It is the intent of the Legislature that the provisions of this title as to which there are similar provisions in the federal Truth in Lending Act, [ 15 U.S.C. § 1601 et seq.], essentially conform, and be interpreted by anyone construing the provisions of this title to so conform, to the Truth in Lending Act . . . .

 The Truth in Lending Act, which contains a similar definition of "cardholder," *fn6" seeks "to protect credit card holders against losses due to . . . fraudulent use of credit cards on the theory that the card issuer is in the better position to prevent such losses." Minskoff v. American Express Travel Related Servs. Co., 98 F.3d 703, 708-09 (2d Cir. 1996). This purpose applies equally to people who risk devastation of their credit histories because of imposters; they are in equal, if not greater, need of protection than many other consumers. Cf. American Airlines, Inc. v. Remis Indus., Inc., 494 F.2d 196, 197 (2d Cir. 1974) (holding that because "the credit card abuses which Congress sought to eliminate plague all cardholders without meaningful distinction, [the Truth in Lending Act should not be interpreted] in a way that would sap the strength of the statutory safeguards it provide[s]").

 Moreover, case law indicates that the Court should liberally construe the Truth in Lending Act in favor of consumers. See Smith v. Fidelity Consumer Discount Co., 898 F.2d 896, 898 (3d Cir. 1990); Hubbard v. Fidelity Fed. Bank, 824 F. Supp. 909, 916 (C.D. Cal. 1993), rev'd in part on other grounds, 91 F.3d 75 (9th Cir. 1996). This principle further indicates that the SCCA applies to people who have had cards issued in their names, even if they did not physically receive the cards. Cf. American Airlines, 494 F.2d at 197 (holding that courts should not "arbitrarily confine the scope of the Truth in Lending Act[]" because doing so "would undermine Congress's purpose to afford a broader and more meaningful protection to all who enter the credit card domain").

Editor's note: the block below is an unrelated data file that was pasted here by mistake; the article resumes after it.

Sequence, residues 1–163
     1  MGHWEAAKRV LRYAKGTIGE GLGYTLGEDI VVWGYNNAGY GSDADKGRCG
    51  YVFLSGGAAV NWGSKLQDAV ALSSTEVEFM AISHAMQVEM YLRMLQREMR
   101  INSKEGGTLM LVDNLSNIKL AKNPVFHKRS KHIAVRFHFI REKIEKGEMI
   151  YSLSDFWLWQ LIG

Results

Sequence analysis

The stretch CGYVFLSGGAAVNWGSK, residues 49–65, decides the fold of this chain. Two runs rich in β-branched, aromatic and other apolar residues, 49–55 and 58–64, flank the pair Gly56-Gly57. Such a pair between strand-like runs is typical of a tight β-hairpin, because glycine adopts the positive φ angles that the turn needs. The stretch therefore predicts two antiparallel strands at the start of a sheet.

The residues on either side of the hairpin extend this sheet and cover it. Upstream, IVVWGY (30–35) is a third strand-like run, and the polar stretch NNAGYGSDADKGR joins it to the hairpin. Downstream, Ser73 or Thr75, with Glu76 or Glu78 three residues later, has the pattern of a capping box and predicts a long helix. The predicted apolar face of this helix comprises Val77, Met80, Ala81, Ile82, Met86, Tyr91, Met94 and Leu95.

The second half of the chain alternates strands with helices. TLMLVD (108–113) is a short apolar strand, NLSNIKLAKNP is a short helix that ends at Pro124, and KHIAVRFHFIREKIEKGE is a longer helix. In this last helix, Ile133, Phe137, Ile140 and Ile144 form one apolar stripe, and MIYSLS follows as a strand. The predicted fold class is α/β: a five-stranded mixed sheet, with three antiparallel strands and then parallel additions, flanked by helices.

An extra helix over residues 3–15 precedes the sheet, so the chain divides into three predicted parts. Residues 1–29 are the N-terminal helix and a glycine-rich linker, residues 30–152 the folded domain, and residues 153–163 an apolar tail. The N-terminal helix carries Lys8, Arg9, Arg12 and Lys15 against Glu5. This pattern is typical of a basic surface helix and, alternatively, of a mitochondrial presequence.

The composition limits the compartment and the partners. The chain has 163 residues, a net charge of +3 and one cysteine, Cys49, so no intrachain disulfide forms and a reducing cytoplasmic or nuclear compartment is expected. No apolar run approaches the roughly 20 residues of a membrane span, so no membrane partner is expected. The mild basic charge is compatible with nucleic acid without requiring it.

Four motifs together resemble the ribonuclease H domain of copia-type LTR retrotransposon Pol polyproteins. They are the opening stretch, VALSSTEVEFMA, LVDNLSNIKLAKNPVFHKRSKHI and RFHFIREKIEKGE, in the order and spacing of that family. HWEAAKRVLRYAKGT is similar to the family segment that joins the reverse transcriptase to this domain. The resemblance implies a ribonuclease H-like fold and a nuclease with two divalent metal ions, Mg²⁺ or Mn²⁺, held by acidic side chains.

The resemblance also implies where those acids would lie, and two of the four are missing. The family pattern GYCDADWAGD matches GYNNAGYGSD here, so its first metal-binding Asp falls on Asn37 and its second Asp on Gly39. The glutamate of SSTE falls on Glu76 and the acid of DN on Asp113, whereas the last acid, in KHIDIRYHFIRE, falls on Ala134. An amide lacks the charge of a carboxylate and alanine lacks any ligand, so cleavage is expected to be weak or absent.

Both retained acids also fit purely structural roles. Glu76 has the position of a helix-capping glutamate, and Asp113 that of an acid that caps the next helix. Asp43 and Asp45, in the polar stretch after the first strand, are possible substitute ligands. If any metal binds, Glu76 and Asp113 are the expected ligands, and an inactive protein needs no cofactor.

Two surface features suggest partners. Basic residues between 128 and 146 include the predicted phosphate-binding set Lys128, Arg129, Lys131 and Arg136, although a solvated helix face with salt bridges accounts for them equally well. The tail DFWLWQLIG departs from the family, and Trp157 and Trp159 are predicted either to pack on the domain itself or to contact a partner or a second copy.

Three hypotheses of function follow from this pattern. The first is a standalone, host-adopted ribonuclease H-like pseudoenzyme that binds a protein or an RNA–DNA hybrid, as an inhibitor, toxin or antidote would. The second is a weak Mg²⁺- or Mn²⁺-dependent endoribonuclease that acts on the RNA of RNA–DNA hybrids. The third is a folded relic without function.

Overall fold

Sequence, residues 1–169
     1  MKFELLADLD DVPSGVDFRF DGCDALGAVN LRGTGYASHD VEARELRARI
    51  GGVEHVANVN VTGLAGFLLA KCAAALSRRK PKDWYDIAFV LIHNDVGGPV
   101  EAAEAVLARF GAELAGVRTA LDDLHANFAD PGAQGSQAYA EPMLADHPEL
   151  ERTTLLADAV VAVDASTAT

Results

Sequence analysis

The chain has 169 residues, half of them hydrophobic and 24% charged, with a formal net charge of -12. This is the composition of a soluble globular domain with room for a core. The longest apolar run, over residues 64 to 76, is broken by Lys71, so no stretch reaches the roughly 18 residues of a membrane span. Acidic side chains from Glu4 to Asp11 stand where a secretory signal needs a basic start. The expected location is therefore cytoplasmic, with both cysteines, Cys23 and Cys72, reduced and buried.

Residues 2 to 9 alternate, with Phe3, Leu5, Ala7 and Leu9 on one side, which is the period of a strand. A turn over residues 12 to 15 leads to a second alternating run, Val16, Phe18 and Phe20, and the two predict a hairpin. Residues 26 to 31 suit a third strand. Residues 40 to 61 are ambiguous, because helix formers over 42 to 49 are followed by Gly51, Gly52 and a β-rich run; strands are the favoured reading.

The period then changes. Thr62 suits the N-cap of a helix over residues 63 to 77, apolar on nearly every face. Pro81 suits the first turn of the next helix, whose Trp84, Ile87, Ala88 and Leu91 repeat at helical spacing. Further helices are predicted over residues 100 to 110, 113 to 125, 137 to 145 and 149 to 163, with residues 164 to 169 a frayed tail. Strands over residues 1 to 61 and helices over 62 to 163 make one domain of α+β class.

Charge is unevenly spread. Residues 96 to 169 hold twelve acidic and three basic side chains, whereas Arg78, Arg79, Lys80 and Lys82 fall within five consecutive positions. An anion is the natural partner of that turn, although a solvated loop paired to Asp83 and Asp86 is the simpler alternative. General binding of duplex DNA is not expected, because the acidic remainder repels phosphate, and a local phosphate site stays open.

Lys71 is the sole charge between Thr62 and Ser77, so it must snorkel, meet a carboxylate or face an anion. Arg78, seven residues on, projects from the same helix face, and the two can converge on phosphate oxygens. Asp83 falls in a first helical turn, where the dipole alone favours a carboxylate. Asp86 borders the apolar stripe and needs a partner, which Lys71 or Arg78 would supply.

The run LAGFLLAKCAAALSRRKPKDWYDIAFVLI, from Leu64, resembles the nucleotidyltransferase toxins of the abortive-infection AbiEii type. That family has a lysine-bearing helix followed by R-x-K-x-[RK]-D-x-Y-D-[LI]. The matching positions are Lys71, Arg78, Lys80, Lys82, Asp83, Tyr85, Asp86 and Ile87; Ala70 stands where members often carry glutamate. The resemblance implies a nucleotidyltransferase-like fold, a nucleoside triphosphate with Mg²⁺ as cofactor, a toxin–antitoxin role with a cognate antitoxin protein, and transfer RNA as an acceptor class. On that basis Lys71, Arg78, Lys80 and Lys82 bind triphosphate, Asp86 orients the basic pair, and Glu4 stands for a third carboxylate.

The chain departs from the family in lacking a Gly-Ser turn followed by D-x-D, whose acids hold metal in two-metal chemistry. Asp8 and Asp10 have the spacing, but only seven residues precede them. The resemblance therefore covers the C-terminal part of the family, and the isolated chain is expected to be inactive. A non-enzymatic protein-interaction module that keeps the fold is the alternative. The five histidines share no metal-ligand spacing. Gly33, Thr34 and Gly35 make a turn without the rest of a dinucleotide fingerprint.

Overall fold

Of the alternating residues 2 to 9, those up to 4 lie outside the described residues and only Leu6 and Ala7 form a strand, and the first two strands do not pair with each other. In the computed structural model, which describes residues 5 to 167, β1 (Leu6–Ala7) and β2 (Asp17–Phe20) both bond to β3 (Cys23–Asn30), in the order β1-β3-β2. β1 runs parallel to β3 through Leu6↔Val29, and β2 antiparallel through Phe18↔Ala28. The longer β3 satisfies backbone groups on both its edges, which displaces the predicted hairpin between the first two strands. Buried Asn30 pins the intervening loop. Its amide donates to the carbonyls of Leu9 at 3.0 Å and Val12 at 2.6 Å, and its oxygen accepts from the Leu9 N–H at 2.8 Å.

For all the foregoing reasons, the Court holds that Plaintiff was a cardholder within the meaning of the SCCA. Accordingly, the Court denies Citibank's Motion for Partial Summary Judgment. *fn7"

  IV. Conclusion

  For the reasons stated above, the Court grants Plaintiff's Motion for Partial Summary Judgment in part and denies it in part. The Court denies Citibank's Motion for Partial Judgment on the Pleadings and its Motion for Partial Summary Judgment.

  IT IS SO ORDERED:

  DATED: 7/14/98

  John S. Rhoades, Sr.

  United States District Judge


Buy This Entire Record For $7.95

Official citation and/or docket number and footnotes (if any) for this case available with purchase.

Learn more about what you receive with purchase of this case.